- Guinea's bed-ridden President, Lansana Conté, on Monday evening decreed a martial law that gave the military sweeping powers to restore order in the country. The law also imposed a 20-hour-a-day curfew as well as declared a state of emergency until 23 February. The decree however only caused more protests.
President Conté used the last minute measure to arrest the increasing fatal protests but it was reported that sporadic gunshots were heard in the suburbs of the capital Conakry, where youths wanted to resume strikes on Tuesday.
The martial law outlawed all public meetings and gives powers to the military to arrest anyone suspected of "threatening state security" - seen as an ample definition.
Trade union leaders in the West African country ended their 18-day strike on 28 January after they were assured by President Conté that their demands were going to be met. But strikes resumed at the weekend in protest against the appointment of Eugène Camara, a long time cabinet minister, as Prime Minister.
Describing the development as a "new provocation" by President Contè, union leaders called on Guineans to go back to the streets to protest for the resignation of MrContè. Like the previous strikes, the latest also turned fatal. So far, it is reported that a total of over 80 people have been killed by security forces during both strikes.
Guinea is still declared unsafe, although heavily-armed soldiers succeeded in quashing youths from striking. Already, the United States Embassy urged all American citizens to quit Guinea.
The US embassy officials offered seats to airlift their citizens on a US government plane from Guinea, where commercial flights have not been plying.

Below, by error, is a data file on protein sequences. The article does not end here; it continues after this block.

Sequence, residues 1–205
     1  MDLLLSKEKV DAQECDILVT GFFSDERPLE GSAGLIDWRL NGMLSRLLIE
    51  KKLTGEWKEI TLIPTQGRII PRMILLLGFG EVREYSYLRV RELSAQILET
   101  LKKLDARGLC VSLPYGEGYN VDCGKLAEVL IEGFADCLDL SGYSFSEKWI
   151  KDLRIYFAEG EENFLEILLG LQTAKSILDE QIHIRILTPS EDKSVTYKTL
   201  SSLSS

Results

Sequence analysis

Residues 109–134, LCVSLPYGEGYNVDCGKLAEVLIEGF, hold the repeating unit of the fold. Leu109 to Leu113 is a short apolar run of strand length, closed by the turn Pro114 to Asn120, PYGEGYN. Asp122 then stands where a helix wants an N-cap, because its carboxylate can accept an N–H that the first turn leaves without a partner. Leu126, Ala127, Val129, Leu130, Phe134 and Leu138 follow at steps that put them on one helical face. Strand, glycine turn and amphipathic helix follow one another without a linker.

In a state radio broadcast on Monday evening, the desperate Guinean President admitted that his country was under siege and that there was need to take all necessary measures to restore law and order, protect the people as well as avoid Guinea from sliding into a civil war.
Under the new law, Guineans have been prohibited from holding processions, demonstrations or gatherings. It also empowered the military to conduct searches in private homes, monitor phone calls, communications and censor the press.
Being the world's leading exporter of bauxite, mining and shipments of the ore were interrupted by the latest strike in the country. This has affected world market prices of aluminium, which is produced from bauxite.
In fact, work was disrupted at Guinea's biggest bauxite mining company, Compagnie des Bauxites de Guinée (CBG) at Sangaredi, north of Conakry, after looting and gunfire occurred there at night.
The Guinean government holds 49 percent of stake in CBG, with the remaining shares going to a US company, Halco.
Annually, the Guinean company produces over 14 million tons of wet bauxite from its mine in Boké in the north. It also exports about 13 million tons of dried bauxite annually.
A similar incident was reported at the Kamsar export port, thus forcing the entire bauxite export operations to be grounded.
The strike has taken its negative toll on the poverty-stricken country, where shops, banks, schools and administrative offices were closed in Conakry and other major towns. But also the human rights situation in the country has suffered much from the repressive measures applied by the government and army.
This week, even the African Union (AU) has condemned Guinean soldiers for repressing the rights of civilians through killing of protesters. The AU also added its voice to those of human right organisations, asking for an independent inquiry into the killings.
The International Trade Union Congress (ITUC) - which represents the two unions behind the Guinean strikes - has also launched an urgent call on the Guinean government to end the violence and guarantees the safety of trade union leaders, some of whose lives were threatened.
It blamed the Guinean government for betraying an agreement it had earlier signed with the leaders of the country's two major trade unions.
The Director General of International Labour Organisation (ILO), Juan Somavia, in a statement. declared, "I call on the authorities and all those exercising power in Guinea to guarantee the safety of trade union leaders, to ensure the holding of immediate and sincere negotiations, to bring and end to the violence and find a negotiated solution to the serious concerns expressed by the employers and people of Guinea."
ITUC General Secretary Guy Ryder said his organisation had joined ILO to express their solidarity with their Guinean colleagues.
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